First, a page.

The Central–Mid-Levels escalator and walkway system in Hong Kong is the longest outdoor covered escalator system in the world. The entire system covers over 800 metres (2,600 ft) in distance and elevates over 135 metres (443 ft) from bottom to top. It was constructed in 1993 to provide a better commute by linking areas within the Central and Western District on Hong Kong Island, goes downhill in the morning but is reversed by 10am which is good news for those who don’t like climbing hills.

It was escalator up time and as we were going down, our legs, and especially knees, suffered in the long walk down. No doubt the locals get used to it. We never did get to ride the escalators.

College graduation?

College graduation?

A Confucius festival on the Kowloon side is definitely aimed at locals, not an English word in site.

Some lovely costumes worn by, mainly, girls but we head back to Alex’s for lunch and a taxi ride to our hotel, the Marco Polo.

I think I must have made an expensive booboo here as we have a large room, Club lounge access with afternoon tea, evening nibbles and lovely Australian red wine included. Oh well, spending the kids inheritance.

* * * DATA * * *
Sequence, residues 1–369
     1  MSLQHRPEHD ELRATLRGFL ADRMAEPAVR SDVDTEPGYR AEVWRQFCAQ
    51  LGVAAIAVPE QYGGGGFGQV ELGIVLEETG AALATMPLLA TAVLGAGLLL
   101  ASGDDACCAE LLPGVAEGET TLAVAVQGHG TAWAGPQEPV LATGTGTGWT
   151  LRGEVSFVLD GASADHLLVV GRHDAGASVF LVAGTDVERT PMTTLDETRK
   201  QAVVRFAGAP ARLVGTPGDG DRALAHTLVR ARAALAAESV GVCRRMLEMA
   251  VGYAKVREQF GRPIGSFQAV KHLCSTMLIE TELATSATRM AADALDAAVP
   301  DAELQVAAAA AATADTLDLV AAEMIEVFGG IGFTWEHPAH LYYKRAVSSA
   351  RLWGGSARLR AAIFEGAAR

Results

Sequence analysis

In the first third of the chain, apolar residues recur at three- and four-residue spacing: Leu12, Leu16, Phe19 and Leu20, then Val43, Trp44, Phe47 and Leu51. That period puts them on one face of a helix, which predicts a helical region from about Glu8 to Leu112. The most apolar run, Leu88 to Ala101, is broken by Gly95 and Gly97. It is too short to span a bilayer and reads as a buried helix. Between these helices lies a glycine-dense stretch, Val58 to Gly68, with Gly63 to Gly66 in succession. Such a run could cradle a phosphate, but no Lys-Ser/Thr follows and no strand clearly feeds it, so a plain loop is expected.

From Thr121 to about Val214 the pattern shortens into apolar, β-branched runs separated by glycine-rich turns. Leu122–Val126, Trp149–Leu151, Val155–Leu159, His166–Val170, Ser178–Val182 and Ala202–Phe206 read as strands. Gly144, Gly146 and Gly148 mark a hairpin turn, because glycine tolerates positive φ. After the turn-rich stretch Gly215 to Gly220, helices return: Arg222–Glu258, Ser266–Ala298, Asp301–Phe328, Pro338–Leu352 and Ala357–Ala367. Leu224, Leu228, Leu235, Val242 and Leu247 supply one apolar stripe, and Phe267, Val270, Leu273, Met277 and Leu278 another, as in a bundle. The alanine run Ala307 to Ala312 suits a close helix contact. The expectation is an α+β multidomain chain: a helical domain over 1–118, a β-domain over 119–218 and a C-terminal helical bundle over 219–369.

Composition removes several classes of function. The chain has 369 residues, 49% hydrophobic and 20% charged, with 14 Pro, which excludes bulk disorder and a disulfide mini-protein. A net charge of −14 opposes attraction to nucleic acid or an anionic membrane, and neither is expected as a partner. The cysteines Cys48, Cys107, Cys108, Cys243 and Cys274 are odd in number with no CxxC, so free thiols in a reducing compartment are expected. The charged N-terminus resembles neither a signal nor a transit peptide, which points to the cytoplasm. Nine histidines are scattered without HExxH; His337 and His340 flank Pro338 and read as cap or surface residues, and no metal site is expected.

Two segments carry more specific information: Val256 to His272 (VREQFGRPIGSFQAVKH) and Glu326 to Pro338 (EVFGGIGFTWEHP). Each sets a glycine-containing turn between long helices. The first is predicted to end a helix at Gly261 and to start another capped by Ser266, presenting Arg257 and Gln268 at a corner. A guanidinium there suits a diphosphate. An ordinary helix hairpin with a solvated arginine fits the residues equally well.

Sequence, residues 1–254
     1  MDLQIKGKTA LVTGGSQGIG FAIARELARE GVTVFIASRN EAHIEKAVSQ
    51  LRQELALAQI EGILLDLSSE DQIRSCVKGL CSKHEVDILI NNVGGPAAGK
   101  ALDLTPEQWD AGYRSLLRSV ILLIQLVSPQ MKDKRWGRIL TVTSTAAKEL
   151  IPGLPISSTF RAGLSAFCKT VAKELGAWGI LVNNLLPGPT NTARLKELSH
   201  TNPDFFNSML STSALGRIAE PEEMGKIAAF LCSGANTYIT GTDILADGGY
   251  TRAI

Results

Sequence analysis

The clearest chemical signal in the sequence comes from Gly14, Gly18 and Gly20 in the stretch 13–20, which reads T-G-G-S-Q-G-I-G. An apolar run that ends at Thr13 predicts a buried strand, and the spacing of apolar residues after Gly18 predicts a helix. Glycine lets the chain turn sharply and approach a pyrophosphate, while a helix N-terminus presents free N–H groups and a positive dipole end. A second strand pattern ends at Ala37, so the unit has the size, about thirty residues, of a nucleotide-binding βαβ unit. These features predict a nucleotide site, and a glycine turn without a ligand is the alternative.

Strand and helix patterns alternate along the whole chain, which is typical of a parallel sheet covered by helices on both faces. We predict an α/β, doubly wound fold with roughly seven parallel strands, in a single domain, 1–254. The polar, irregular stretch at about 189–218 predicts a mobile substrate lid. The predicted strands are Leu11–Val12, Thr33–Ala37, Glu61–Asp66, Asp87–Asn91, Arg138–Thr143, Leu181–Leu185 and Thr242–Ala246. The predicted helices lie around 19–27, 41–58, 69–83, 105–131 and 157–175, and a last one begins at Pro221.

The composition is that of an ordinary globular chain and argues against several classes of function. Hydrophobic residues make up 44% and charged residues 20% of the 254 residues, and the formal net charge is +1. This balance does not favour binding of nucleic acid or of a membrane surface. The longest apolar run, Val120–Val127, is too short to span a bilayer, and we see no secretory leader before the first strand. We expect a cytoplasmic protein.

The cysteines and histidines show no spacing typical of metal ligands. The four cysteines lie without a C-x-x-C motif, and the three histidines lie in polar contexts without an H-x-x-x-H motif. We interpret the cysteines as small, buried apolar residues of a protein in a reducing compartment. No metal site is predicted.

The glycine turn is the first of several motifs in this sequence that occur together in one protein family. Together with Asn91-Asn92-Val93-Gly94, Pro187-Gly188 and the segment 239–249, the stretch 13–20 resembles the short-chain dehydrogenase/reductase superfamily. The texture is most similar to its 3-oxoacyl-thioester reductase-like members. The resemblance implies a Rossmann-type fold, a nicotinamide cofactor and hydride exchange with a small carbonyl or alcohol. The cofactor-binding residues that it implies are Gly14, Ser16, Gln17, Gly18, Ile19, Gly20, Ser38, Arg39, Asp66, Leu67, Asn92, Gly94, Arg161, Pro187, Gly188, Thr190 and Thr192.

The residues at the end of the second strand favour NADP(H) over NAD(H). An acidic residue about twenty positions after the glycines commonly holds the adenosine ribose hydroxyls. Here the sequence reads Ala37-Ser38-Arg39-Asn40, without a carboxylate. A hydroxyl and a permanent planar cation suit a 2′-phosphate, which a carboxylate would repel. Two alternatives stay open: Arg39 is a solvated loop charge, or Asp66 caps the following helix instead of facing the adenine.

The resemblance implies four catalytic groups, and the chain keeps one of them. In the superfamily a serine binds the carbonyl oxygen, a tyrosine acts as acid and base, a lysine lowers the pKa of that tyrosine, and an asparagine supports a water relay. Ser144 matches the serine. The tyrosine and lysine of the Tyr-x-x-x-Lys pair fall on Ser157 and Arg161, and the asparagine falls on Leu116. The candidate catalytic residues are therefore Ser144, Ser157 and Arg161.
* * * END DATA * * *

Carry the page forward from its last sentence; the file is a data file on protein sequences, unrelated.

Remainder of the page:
After a brief walk outside, hit bed at 8:30pm and really don’t get fully awake until about 7:00am the next day which is strange as 7:00am is 11pm UK time so maybe we have adjusted quicker than normal.

Sunday 1 February

Breakfast in the club lounge is all you could ask for, but without the view we had in Lucerne last year. A bit overcast but dry again today and following call from John, head over on the Star Ferry to Hong Kong Island and the Conrad Hotel which is near the British consulate before dropping down through the adjacent shops to the bus routes for a No. 6 bus to Stanley.

Colourful Star ferry

Colourful Star ferry

Very crowded and standing room only until virtually the whole of the top floor exit at one stop, perhaps to go walking.